Washington Fish and Wildlife commissioners plan to discuss wolves, cougars and other topics next month in committees that the department says aren’t subject to the state’s open-meetings law, even when a majority of the commission attends.
The Habitat, Fish, Wolf and Wildlife committees will meet Dec. 12 in Bellingham, the day before the commission convenes for its on-the-record meeting. The commission has invited the public to attend committee meetings, but it reserves the right to withdraw the invitation and close meetings.
Unlike regular meetings, committee meetings are not recorded and posted online for people unable to attend in person. The department does not keep written minutes.
“Though the public is invited to attend the commission’s committee meetings, these meetings are not subject to the public meeting rules that would require the department to keep and maintain public meeting notes or recordings,” a Fish and Wildlife spokeswoman said in an email.
Over the past two years, commissioners have increasingly used committee meetings to talk about major issues. The talks precede regular meetings, which the public has a guaranteed right to attend. The commission closed a meeting of the Executive Committee in June.
The department, citing counsel from the attorney general’s office, said the Public Meetings Act doesn’t apply because each committee has only four of the commission’s nine members.
A majority of commissioners, however, attended some committee meetings in October, according to reports by the commissioners who led the meetings.
“What they did was illegal,” said Rowland Thompson, executive director of Allied Daily Newspapers of Washington. “They should have told somebody to leave.”
The department did not keep a record of which commissioners attended the meetings. Committee chairmen verbally report to the full commission about what was discussed, but there are no written records.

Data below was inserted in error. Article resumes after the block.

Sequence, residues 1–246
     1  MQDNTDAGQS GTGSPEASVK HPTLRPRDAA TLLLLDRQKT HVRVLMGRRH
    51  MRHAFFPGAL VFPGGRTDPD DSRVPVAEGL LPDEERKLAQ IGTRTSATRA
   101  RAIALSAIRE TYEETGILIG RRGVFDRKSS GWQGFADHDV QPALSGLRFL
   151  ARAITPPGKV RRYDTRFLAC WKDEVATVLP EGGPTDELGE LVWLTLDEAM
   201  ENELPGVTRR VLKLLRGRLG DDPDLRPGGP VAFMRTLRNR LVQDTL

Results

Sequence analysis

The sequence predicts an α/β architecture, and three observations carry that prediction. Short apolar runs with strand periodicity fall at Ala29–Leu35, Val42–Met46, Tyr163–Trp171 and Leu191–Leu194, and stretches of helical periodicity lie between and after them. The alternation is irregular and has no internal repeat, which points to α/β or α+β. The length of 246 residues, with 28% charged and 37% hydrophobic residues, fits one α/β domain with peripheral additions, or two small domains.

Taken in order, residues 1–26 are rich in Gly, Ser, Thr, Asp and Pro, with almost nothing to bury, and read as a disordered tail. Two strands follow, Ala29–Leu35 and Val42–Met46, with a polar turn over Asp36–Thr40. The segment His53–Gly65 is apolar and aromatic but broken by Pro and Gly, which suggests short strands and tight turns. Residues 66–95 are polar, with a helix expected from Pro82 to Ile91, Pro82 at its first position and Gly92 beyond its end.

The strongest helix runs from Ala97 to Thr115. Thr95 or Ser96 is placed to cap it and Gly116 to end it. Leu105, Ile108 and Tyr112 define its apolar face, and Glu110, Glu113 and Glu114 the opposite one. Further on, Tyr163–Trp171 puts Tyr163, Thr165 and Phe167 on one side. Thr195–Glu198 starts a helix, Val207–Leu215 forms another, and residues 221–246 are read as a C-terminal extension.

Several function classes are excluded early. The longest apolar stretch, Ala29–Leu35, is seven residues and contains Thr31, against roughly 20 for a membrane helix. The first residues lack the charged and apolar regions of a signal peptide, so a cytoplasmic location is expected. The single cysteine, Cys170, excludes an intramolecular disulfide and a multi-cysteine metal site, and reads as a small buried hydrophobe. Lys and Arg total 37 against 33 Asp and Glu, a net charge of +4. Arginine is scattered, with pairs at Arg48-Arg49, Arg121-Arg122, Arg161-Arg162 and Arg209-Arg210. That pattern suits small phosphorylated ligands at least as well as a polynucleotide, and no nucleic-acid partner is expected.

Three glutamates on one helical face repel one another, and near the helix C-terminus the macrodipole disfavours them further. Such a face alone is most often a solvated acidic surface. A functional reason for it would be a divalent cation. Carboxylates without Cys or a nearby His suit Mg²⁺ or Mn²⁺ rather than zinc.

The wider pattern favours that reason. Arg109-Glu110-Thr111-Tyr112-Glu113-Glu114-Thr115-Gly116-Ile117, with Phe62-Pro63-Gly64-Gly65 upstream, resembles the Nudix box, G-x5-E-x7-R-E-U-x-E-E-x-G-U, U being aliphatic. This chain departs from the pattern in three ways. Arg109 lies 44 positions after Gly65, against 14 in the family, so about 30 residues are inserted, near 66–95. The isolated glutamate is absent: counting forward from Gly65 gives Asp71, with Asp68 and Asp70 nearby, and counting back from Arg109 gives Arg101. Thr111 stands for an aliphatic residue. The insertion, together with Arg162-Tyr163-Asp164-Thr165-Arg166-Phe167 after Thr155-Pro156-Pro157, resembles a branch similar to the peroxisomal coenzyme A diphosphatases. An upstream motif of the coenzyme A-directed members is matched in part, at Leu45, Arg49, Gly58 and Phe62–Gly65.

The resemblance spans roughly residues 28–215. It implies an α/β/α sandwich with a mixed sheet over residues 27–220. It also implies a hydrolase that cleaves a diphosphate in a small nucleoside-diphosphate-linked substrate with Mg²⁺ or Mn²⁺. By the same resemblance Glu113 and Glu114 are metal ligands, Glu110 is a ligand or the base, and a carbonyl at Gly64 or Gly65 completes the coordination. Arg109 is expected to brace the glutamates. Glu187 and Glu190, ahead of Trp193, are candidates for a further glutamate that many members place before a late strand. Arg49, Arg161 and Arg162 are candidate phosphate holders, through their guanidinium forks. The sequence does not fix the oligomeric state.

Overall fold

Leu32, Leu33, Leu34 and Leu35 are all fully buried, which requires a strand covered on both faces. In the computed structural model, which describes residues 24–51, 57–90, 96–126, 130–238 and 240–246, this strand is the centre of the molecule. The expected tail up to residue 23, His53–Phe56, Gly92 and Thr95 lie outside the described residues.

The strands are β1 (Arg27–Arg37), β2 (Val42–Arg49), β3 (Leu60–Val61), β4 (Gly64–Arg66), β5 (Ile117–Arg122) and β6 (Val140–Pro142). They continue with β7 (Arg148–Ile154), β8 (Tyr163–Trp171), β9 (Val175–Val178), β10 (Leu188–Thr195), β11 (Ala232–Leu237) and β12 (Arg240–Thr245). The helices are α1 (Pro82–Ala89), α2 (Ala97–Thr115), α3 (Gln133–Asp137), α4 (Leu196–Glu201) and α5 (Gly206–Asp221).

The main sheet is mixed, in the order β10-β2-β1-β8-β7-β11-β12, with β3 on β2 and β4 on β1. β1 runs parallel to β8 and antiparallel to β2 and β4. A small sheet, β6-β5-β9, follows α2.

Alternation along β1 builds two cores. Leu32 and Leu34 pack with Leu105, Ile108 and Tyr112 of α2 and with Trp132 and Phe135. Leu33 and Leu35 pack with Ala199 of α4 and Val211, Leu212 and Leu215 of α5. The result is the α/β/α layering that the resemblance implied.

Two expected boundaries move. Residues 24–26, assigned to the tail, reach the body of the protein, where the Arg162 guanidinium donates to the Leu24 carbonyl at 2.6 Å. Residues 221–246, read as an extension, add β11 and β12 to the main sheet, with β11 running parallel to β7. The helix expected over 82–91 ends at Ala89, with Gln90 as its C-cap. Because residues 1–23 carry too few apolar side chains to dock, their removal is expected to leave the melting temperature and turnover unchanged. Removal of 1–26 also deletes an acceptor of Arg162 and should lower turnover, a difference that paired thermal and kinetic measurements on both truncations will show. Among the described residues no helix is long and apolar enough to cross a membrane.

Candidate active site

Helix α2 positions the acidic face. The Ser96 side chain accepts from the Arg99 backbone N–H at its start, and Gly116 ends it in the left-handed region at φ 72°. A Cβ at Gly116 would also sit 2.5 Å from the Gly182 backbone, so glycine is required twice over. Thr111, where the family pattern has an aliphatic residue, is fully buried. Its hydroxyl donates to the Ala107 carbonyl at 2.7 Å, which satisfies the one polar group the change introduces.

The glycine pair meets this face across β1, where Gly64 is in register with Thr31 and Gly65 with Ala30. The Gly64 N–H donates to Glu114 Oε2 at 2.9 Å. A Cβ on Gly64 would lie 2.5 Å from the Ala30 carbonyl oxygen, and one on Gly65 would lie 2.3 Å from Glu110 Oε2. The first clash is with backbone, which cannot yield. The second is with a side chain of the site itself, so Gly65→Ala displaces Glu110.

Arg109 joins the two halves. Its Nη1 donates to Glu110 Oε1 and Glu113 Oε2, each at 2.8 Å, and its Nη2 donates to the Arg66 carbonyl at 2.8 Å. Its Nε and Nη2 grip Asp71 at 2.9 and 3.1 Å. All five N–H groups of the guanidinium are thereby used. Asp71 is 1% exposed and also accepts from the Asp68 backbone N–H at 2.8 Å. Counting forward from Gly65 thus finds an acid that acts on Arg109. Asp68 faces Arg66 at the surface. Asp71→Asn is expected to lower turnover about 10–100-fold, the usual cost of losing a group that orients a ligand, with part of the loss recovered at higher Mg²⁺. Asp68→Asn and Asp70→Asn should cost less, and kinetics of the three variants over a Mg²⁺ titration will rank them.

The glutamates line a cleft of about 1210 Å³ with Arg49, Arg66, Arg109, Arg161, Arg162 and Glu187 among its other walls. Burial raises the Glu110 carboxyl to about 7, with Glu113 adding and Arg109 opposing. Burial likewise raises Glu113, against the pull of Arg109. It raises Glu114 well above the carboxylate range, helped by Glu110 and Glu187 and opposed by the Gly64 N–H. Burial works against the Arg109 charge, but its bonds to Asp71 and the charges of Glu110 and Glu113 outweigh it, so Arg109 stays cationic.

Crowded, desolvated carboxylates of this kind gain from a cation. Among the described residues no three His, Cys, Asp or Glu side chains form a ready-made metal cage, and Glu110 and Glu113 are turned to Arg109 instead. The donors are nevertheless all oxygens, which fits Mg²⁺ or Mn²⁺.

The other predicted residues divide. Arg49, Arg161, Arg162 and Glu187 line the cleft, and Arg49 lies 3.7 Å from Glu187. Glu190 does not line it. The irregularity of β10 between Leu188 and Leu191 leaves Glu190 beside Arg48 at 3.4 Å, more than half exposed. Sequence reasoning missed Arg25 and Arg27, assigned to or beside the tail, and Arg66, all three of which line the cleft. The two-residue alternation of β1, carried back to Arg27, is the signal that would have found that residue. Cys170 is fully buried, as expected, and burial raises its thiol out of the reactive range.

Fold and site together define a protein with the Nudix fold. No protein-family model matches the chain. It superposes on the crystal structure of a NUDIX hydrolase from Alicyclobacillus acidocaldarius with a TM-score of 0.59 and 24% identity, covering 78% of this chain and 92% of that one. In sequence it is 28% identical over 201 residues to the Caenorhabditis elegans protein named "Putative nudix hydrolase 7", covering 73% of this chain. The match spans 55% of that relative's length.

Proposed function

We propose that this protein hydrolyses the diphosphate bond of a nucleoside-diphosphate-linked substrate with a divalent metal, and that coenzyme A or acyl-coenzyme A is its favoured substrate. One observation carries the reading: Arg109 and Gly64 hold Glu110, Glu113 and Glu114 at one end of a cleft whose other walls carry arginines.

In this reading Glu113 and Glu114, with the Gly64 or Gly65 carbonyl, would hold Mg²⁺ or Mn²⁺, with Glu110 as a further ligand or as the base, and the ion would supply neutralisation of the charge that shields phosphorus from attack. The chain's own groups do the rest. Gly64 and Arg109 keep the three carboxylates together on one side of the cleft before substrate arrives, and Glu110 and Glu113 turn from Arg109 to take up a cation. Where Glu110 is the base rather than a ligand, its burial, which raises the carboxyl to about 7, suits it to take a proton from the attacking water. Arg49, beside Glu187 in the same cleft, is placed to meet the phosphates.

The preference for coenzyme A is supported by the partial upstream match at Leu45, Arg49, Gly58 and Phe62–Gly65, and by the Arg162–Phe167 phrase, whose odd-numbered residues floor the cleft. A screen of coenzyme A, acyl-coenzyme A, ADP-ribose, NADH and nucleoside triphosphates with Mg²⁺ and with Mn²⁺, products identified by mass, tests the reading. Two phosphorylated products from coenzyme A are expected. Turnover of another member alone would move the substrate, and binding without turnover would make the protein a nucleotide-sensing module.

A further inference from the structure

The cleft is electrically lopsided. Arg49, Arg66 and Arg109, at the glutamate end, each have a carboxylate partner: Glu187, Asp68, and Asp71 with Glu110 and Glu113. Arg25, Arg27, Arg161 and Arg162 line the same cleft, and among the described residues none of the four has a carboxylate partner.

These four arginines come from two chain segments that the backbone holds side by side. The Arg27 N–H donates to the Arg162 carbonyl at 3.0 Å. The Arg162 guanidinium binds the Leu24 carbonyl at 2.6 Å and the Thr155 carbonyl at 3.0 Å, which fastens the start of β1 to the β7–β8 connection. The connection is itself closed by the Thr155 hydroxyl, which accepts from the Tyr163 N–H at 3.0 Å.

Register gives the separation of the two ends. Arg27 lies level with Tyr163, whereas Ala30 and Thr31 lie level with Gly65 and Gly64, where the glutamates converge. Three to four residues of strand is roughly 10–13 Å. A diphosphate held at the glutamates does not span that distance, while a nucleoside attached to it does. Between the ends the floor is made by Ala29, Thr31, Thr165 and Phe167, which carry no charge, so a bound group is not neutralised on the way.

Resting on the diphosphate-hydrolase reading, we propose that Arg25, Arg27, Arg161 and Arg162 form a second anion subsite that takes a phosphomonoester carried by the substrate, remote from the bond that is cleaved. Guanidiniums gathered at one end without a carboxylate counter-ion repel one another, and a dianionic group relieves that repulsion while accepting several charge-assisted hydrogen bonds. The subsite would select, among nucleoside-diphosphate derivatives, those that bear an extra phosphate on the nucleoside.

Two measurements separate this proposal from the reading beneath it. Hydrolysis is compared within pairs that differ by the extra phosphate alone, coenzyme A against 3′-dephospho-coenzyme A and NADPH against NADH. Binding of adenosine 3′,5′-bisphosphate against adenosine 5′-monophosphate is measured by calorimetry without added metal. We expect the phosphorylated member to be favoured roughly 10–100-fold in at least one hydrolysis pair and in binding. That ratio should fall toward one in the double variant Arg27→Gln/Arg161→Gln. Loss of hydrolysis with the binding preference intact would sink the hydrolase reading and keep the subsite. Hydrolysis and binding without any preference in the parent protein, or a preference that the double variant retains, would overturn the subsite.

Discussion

“It wouldn’t hurt us to spiff up the reporting of those meetings,” said Commissioner Barbara Baker, who chairs the Big Tent Committee, a group whose topics include “strategic planning.”
Baker said that she recalled at least a fifth commissioner at the committee’s meeting in October.
She said she would “absolutely” continue to preside over committee meetings with a majority of commissioners in attendance. She said that she was shut out of a committee meeting three years ago.
“I tried to attend the meeting and was told I couldn’t go,” she said. “My own personal opinion is that the way we operate now is a definite improvement over where we used to be.”
Baker said the commission values transparency and that the committees are open unless the chairman closes it for a “good reason.”
Meetings governed by the Public Meetings Act can be closed for specific reasons cited in the law, such as discussing whether to fire someone or how to defend against a lawsuit. Meetings can’t be closed at the discretion of the chairman.
The chairwoman of the wolf committee, Kim Thorburn, reported to the full commission that every committee member was there, plus other commissions. They agreed, she said, “the trajectory of (wolf) recovery has been very positive.”
“We had a robust discussion among the committee members and other commissioners about our concerns that it has not been recognized in this current sort of upheaval that recovery of wolves in Washington has been highly successful,” she said at the commission’s Oct. 18 regular meeting.
The department was unable to say Nov. 27 which commissioners were at the wolf meeting. Efforts to reach Thorburn were unsuccessful.
She also reported the wildlife committee had “really robust discussions,” including about managing cougars.